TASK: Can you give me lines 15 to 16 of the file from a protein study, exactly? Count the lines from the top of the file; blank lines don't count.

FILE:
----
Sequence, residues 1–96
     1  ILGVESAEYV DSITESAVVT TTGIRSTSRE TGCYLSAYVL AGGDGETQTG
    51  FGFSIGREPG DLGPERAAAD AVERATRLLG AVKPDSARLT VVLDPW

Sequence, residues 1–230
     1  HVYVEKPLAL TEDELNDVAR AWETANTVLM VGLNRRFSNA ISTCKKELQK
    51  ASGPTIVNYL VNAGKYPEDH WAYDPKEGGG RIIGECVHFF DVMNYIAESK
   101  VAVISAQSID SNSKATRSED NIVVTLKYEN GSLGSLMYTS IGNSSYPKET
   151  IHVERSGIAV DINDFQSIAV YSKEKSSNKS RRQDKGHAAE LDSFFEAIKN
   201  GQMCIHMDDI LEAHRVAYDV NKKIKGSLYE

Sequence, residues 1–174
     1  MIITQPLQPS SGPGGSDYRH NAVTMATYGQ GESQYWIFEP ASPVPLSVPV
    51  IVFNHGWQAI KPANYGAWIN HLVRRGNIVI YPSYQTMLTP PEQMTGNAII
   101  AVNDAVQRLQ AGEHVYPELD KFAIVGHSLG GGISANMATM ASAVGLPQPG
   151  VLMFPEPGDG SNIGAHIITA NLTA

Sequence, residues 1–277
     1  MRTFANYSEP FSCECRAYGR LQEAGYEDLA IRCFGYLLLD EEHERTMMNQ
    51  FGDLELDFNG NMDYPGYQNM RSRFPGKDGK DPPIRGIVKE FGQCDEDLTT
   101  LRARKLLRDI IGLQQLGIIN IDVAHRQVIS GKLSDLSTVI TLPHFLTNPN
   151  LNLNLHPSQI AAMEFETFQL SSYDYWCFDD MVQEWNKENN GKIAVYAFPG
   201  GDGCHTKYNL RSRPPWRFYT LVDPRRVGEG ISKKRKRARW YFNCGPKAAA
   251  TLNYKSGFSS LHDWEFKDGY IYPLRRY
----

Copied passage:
Sequence, residues 1–277
     1  MRTFANYSEP FSCECRAYGR LQEAGYEDLA IRCFGYLLLD EEHERTMMNQ